• 4

        It is not true that many have died from mRNA vaccines. The immunogenicity of mRNA based vaccines is not innate to them and can be tuned significantly. (See CureVac, who also used an mRNA vaccine, as well as moderna’s cancer vaccine efforts). There is no evidence of aspergers or autism spectrum disorders from vaccines, and there strikes me as little to no biological basis for such a reaction. 

      • 1

        All vaccines cause inflammation to cause the production of antibodies. It is common for the inflammation to affect the brain and cause neurological disorders. Vaccine encephalitis is a thing, and much more common than is recognized. In infants the most common symptoms are screaming syndrome, constant, inconsolable screaming for four hours or longer. I screamed like this for several days after my first DPT at three months old for several days and it caused Asperger’s in me. My daughter screamed like this for four days and nights, sixteen hours a day, reacting to the hep-B vaccine st birth, given without my knowledge or permission. I had said I didn’t want her to get it, as I had read it often caused autism. And it did.

        you seem to be knowledgeable enough to be familiar with vaccine encephalitis. When it affects mainly the language center of the brain, as many strokes do, we call it autism. Asperger’s may result from less severe brain inflammation, often for a shorter length of time. Several witnesses testified on the hep-B vaccine in infants causing encephalitis, autism, or death, at the congressional hearing in May 1999, a year before my daughter was born. Also see Judy Converse, one of the witnesses: she wrote a book: When Your Doctor is Wrong: The Hepatitis-B Vaccine and Autism.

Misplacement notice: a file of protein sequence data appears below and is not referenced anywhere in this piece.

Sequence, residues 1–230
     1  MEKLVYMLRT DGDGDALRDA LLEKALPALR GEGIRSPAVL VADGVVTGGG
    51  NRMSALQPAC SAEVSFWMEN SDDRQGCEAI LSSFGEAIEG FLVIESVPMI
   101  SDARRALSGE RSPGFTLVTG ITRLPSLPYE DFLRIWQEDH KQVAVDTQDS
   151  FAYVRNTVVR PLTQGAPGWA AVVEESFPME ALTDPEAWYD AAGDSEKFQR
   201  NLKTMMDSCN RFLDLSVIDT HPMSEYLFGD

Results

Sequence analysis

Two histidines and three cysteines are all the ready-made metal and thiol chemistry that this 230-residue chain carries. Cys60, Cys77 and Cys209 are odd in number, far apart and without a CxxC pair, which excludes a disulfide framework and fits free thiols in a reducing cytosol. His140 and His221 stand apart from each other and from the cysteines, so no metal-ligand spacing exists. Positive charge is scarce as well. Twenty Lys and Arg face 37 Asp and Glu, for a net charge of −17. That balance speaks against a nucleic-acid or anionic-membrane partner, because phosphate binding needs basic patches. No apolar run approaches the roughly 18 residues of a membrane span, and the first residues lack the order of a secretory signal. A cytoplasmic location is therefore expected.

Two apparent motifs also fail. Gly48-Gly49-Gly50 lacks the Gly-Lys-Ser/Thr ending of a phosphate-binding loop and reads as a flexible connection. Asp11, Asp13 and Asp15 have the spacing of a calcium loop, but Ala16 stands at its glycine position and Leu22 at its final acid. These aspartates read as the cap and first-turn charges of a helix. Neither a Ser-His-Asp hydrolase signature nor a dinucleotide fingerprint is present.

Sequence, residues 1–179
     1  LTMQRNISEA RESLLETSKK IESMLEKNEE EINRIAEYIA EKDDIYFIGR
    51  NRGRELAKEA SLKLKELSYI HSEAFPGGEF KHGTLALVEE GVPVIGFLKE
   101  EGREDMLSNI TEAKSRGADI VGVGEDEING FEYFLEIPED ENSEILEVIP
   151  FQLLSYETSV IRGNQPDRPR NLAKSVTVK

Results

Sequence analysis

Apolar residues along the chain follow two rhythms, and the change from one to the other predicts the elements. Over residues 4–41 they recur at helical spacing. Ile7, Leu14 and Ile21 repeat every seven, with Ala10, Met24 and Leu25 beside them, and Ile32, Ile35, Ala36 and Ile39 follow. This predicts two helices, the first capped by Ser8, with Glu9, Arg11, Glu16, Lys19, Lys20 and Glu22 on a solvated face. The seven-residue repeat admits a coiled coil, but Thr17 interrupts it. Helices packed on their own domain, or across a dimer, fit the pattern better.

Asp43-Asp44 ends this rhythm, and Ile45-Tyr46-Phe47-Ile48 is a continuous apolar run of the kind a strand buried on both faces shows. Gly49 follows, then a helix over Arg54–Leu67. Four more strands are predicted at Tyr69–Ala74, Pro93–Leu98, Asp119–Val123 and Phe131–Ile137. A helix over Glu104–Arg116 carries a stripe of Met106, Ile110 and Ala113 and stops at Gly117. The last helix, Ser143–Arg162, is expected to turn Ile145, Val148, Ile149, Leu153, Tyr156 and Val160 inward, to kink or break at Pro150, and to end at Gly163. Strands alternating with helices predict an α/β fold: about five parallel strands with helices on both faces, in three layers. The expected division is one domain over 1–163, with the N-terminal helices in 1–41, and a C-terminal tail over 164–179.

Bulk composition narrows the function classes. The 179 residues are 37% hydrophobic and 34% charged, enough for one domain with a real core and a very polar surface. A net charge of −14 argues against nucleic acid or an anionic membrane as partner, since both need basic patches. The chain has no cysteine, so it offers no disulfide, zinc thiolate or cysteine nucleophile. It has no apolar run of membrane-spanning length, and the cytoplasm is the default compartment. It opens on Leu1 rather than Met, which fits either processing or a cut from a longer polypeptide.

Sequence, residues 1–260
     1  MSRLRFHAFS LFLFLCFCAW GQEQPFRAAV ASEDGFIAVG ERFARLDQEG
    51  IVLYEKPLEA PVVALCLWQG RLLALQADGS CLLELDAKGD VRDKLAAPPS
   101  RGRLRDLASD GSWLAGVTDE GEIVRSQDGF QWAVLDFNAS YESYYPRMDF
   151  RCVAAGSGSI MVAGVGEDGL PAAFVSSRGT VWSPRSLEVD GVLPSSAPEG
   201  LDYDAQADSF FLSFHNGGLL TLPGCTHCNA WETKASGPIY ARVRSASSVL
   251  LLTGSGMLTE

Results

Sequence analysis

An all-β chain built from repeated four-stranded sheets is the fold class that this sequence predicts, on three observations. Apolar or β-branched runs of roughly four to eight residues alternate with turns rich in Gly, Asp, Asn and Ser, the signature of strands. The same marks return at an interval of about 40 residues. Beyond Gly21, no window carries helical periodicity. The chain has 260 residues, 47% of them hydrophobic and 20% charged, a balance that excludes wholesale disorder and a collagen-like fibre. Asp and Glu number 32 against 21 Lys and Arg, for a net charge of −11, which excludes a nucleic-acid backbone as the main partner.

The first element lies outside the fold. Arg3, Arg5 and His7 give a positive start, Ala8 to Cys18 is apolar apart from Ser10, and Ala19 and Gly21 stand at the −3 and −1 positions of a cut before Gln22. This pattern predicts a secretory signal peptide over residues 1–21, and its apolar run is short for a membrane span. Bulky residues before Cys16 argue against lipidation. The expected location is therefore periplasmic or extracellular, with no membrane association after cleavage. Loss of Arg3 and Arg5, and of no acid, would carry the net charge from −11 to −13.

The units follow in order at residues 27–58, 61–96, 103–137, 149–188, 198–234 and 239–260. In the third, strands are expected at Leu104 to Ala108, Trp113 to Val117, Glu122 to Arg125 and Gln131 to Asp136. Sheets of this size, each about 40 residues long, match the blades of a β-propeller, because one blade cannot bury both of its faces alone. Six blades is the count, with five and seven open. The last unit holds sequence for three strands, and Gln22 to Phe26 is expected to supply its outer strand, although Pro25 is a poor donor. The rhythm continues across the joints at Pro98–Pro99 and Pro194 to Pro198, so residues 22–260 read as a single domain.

The reason so many have refused and continue to refuse the Covid vaccine (mistakenly for the most part, in my opinion: I got both doses of Pfizer even cognizant of the risk), is because at this point everyone realizes, at least on some level, that vaccines cause autism. And that most medical authorities for the past thirty years have not told the truth about it, either through commonly-held delusion or conscious lies. So many do not believe what authorities say now about vaccines. The Covid vaccine HAS caused many deaths, as you can see from temporal spikes in reports of deaths which revert to baseline shortly after getting the vaccine. Heart attacks, platelet disorders, deep vein thrombosis, cytokine cascades, and others. I still think it is good to take the vaccine, Covid being for most even more dangerous. But both are realities.